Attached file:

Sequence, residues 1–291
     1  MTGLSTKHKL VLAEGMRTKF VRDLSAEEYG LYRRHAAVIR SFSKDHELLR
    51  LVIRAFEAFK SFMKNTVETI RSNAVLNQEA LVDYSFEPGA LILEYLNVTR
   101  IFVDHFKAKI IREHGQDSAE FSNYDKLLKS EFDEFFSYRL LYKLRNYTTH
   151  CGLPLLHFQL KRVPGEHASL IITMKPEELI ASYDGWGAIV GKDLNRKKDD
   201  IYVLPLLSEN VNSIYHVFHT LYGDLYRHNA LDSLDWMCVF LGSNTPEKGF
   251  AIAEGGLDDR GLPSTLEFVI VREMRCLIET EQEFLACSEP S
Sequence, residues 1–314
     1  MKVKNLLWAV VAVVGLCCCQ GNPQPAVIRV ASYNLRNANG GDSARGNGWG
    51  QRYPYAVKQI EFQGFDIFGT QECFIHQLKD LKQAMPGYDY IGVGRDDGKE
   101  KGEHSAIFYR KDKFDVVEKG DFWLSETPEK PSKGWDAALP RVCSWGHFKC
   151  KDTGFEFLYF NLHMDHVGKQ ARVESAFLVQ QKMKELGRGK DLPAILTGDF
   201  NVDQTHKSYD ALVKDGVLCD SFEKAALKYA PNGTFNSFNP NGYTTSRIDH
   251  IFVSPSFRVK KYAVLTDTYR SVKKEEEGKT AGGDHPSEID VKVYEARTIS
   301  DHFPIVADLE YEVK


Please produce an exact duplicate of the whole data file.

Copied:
Sequence, residues 1–291
     1  MTGLSTKHKL VLAEGMRTKF VRDLSAEEYG LYRRHAAVIR SFSKDHELLR
    51  LVIRAFEAFK SFMKNTVETI RSNAVLNQEA LVDYSFEPGA LILEYLNVTR
   101  IFVDHFKAKI IREHGQDSAE FSNYDKLLKS EFDEFFSYRL LYKLRNYTTH
   151  CGLPLLHFQL KRVPGEHASL IITMKPEELI ASYDGWGAIV GKDLNRKKDD
   201  IYVLPLLSEN VNSIYHVFHT LYGDLYRHNA LDSLDWMCVF LGSNTPEKGF
   251  AIAEGGLDDR GLPSTLEFVI VREMRCLIET EQEFLACSEP S
Sequence, residues 1–314
     1  MKVKNLLWAV VAVVGLCCCQ GNPQPAVIRV ASYNLRNANG GDSARGNGWG
    51  QRYPYAVKQI EFQGFDIFGT QECFIHQLKD LKQAMPGYDY IGVGRDDGKE
   101  KGEHSAIFYR KDKFDVVEKG DFWLSETPEK PSKGWDAALP RVCSWGHFKC
   151  KDTGFEFLYF NLHMDHVGKQ ARVESAFLVQ QKMKELGRGK DLPAILTGDF
   201  NVDQTHKSYD ALVKDGVLCD SFEKAALKYA PNGTFNSFNP NGYTTSRIDH
   251  IFVSPSFRVK KYAVLTDTYR SVKKEEEGKT AGGDHPSEID VKVYEARTIS
   301  DHFPIVADLE YEVK